Meanwhile, back in Bath, Troyer’s description of his final-year undergraduate module on the sociology of death, which about half of each year’s sociology cohort opt to take, makes clear to students that it is “an academic unit, not therapy. Students who have been bereaved or are facing life-threatening illness in their family should consult me before starting the unit.”

Some of the weekly topics his course description goes on to list sound, at first glance, fairly abstract; examples include “Death and the biopolitical social turn” and “The definition of death: hearts, brains, and politics”. Nonetheless, Troyer – who has directed the centre since 2015 – insists that strong emotions often emerge in the 100- to 200-word “weekly memos”, in which he asks students to provide “a lively conversation with the reading…as personal or as academic as you like”.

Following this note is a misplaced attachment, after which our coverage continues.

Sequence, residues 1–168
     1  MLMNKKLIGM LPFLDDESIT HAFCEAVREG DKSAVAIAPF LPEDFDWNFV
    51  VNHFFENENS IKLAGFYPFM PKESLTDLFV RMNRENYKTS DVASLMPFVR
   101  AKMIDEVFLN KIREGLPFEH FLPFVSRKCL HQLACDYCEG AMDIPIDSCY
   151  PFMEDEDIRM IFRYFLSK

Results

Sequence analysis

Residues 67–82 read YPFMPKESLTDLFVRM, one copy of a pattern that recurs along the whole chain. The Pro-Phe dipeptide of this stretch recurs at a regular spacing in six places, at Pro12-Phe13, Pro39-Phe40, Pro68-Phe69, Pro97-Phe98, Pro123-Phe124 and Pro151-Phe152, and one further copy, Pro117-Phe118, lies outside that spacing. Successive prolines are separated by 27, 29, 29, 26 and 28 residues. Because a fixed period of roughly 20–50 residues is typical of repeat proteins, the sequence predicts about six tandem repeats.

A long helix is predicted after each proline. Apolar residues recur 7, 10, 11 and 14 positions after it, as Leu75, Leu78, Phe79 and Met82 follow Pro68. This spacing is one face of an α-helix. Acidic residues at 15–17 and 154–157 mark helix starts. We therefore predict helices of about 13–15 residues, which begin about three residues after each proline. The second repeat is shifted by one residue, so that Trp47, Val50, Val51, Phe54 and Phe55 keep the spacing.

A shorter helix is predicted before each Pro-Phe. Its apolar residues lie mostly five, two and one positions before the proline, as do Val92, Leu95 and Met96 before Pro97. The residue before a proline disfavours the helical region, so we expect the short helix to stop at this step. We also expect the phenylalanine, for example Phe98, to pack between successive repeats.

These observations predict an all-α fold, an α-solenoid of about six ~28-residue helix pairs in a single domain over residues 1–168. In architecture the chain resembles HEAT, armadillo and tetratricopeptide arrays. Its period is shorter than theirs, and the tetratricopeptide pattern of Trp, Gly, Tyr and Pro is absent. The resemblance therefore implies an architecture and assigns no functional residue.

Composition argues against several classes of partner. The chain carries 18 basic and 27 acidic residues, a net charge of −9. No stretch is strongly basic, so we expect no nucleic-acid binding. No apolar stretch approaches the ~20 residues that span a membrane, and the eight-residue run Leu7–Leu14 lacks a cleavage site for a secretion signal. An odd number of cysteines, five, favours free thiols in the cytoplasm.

Every semester, he says, “I’ve had students write about the death of a family member, often a parent…It becomes therapeutic, but they are engaging with the material we are covering in class and relating it back to what happened. In many cases, they had honestly never talked about it to anyone before.”

Even more striking are some of the emails from former students that Troyer occasionally receives out of the blue, letting him know what his course meant to them. In one case, a Muslim woman told him about being called upon to help prepare the body of a cousin’s wife who had died of breast cancer. “I want you to know that taking the class helped prevent me from freaking out when I touched the body,” she told him.